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Mikoyan-Gurevich MiG-25

DAYTON, Ohio (11/2006) -- MiG-25 in the restoration area at the National Museum of the U.S. Air Force. (Photo by Timothy R. Gaffney)

DAYTON, Ohio (11/2006) -- MiG-25 in the restoration area at the National Museum of the U.S. Air Force. (Photo by Timothy R. Gaffney)

DAYTON, Ohio -- MiG 25 in the restoration area at the National Museum of the U.S. Air Force. (U.S. Air Force photo)

DAYTON, Ohio -- MiG 25 in the restoration area at the National Museum of the U.S. Air Force. (U.S. Air Force photo)

DAYTON, Ohio (02/2007) -- Wide shot of the MiG-25 in the restoration area at the National Museum of the U.S. Air Force. (U.S. Air Force photo by Ben Strasser)

DAYTON, Ohio (02/2007) -- Wide shot of the MiG-25 in the restoration area at the National Museum of the U.S. Air Force. (U.S. Air Force photo by Ben Strasser)

DAYTON, Ohio (02/2007) -- MiG 25 in the restoration area at the National Museum of the U.S. Air Force. (U.S. Air Force photo by Ben Strasser)

DAYTON, Ohio (02/2007) -- MiG 25 in the restoration area at the National Museum of the U.S. Air Force. (U.S. Air Force photo by Ben Strasser)

DAYTON, Ohio (07/2007) -- MiG-25 in the restoration area at the National Museum of the U.S. Air Force. (Photo courtesy of Craig Scaling, Airshow Traveler)

DAYTON, Ohio (07/2007) -- MiG-25 in the restoration area at the National Museum of the U.S. Air Force. (Photo courtesy of Craig Scaling, Airshow Traveler)

DAYTON, Ohio (07/2007) -- MiG-25 in the restoration area at the National Museum of the U.S. Air Force. (Photo courtesy of Craig Scaling, Airshow Traveler)

DAYTON, Ohio (07/2007) -- MiG-25 in the restoration area at the National Museum of the U.S. Air Force. (Photo courtesy of Craig Scaling, Airshow Traveler)

DAYTON, Ohio (07/2007) -- MiG-25 in the restoration area at the National Museum of the U.S. Air Force. (Photo courtesy of Craig Scaling, Airshow Traveler)

DAYTON, Ohio (07/2007) -- MiG-25 in the restoration area at the National Museum of the U.S. Air Force. (Photo courtesy of Craig Scaling, Airshow Traveler)

DAYTON, Ohio (10/2007) -- MiG-25 in the restoration area at the National Museum of the U.S. Air Force. (U.S. Air Force photo)

DAYTON, Ohio (10/2007) -- MiG-25 in the restoration area at the National Museum of the U.S. Air Force. (U.S. Air Force photo)

Note: This aircraft is currently in the restoration hangar. 

The Soviet MiG-25 (NATO code-name "Foxbat") was a high-speed interceptor and reconnaissance aircraft. The aircraft entered service in 1970 and has a top speed of Mach 2.83, powerful radar, and could carry up to four air-to-air missiles.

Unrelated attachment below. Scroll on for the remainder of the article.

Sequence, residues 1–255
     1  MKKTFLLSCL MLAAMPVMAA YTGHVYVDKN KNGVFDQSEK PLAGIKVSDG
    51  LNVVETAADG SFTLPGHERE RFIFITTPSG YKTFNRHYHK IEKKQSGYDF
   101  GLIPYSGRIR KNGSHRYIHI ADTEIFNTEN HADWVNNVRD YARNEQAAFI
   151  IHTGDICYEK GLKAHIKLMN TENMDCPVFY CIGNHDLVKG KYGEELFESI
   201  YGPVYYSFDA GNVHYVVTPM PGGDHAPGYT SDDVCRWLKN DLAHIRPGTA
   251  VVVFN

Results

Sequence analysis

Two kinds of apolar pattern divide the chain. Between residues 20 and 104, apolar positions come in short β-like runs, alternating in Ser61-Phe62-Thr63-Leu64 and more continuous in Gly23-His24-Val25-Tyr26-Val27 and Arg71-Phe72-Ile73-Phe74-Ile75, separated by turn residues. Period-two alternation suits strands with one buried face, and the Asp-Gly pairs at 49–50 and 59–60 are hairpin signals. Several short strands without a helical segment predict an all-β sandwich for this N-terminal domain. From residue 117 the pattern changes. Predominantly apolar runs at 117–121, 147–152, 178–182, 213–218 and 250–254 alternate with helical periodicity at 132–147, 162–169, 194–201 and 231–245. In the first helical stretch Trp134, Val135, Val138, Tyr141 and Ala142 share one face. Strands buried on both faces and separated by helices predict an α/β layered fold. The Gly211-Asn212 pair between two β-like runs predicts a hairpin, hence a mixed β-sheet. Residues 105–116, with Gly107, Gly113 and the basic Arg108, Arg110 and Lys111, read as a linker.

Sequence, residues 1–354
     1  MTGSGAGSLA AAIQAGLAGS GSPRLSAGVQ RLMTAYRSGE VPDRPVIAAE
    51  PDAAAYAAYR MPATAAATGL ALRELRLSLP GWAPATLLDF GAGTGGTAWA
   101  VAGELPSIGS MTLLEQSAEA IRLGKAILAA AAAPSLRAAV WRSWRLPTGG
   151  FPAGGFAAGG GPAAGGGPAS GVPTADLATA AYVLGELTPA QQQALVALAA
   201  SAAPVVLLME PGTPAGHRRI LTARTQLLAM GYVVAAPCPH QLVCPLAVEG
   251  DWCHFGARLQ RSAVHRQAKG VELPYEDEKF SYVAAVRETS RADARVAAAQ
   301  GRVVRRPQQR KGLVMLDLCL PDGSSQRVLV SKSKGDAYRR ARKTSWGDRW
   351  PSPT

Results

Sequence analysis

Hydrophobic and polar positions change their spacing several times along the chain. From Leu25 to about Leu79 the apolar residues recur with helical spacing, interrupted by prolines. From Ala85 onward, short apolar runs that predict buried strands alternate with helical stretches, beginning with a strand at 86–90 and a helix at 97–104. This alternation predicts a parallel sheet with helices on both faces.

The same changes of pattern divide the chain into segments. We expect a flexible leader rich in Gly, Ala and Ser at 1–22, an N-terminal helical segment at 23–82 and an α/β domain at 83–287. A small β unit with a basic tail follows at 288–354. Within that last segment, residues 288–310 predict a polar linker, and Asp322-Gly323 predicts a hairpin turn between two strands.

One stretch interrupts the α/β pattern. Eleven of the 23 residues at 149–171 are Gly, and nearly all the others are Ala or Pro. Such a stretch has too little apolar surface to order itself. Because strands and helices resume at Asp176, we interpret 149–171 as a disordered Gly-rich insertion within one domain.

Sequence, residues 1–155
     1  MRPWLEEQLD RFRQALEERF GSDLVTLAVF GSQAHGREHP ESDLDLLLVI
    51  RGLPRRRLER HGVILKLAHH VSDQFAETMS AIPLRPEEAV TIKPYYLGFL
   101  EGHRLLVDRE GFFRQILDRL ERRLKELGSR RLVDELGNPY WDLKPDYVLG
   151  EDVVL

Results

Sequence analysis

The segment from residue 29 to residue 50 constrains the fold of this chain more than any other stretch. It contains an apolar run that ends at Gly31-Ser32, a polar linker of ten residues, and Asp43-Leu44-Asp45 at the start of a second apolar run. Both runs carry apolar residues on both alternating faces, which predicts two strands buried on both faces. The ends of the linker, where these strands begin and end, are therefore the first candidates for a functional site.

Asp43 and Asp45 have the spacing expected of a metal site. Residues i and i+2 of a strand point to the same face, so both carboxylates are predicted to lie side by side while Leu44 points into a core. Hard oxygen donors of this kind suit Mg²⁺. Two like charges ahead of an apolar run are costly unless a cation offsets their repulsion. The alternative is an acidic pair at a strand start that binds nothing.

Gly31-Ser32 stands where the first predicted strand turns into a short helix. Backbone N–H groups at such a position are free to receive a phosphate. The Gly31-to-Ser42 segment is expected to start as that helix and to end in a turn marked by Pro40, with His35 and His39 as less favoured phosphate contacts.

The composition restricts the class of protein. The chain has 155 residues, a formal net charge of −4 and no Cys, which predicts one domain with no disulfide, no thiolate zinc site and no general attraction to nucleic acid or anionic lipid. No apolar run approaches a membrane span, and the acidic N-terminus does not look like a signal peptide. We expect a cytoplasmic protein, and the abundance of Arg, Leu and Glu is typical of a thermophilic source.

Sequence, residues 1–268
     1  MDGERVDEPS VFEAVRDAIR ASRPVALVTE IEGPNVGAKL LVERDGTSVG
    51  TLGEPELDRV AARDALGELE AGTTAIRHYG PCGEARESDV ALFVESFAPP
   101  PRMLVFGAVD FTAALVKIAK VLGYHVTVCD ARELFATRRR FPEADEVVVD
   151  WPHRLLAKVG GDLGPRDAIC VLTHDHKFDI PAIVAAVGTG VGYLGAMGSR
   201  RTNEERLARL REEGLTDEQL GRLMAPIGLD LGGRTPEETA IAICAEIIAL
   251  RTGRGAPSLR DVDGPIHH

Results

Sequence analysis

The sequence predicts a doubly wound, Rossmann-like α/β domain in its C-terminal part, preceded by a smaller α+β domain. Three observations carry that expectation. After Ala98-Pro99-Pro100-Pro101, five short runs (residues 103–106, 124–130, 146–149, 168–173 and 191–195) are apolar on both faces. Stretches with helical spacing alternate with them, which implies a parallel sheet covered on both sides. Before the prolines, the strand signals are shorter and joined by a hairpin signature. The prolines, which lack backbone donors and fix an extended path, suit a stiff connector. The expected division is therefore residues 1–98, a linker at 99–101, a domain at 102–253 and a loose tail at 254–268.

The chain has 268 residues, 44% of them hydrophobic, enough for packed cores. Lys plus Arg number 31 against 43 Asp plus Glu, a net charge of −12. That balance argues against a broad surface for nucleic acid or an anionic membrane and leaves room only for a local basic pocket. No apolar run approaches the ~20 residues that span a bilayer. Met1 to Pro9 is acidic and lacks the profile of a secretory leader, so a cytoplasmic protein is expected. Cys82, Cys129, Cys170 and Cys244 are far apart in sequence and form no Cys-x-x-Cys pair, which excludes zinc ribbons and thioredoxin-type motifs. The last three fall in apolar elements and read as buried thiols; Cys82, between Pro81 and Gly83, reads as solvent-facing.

The MiG-25's capabilities were not discovered until 1976 when Viktor Belenko, a Soviet MiG-25 pilot, defected to Japan. Subsequent analysis revealed a simple-yet-functional design with vacuum-tube electronics, two massive turbojet engines, and sparing use of advanced materials such as titanium.

A capable interceptor, the MiG-25 was widely exported by the Soviet Union. The first MiG-25s entered service with the Iraqi Air Force in 1980 during the Iran-Iraq War. 

The aircraft on exhibit, a MiG-25RB, was found in 2003 by American forces buried in the sand near Al Taqaddum Airbase 250km west of Baghdad during the opening months of Operation Iraqi Freedom. The MiG-25 was buried to prevent its destruction on the ground by coalition aircraft. The aircraft was recovered incomplete--the wings could not be located and the vertical stabilizers were removed for transport. The aircraft arrived at the National Museum of the U.S. Air Force in 2006.

TECHNICAL NOTES:
Armament:
Four air-to-air missiles (two radar-guided AA-6 "Acrid" missiles, and two infrared-guided R-40T missiles).
Engines: Two Tumansky R-15B-300 turbojets of approx. 22,500 lbs. thrust each with afterburner
Maximum speed: Mach 2.83

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Mask Policy:
In accordance with the updated guidance released by the Center for Disease Control and Prevention (CDC), the Department of Defense (DoD) and Wright-Patterson Air Force Base, the National Museum of the U.S. Air Force will require all visitors to wear face masks indoors effective July 30, 2021 until further notice.

Visitors ages three and up will be required to wear masks while indoors at the museum. This policy applies to all visitors, staff and volunteers regardless of vaccination status. Visitors may wear their own masks or a free paper mask will be provided. Cloth masks will also be available for purchase in the Museum Store.
Additional information available here.

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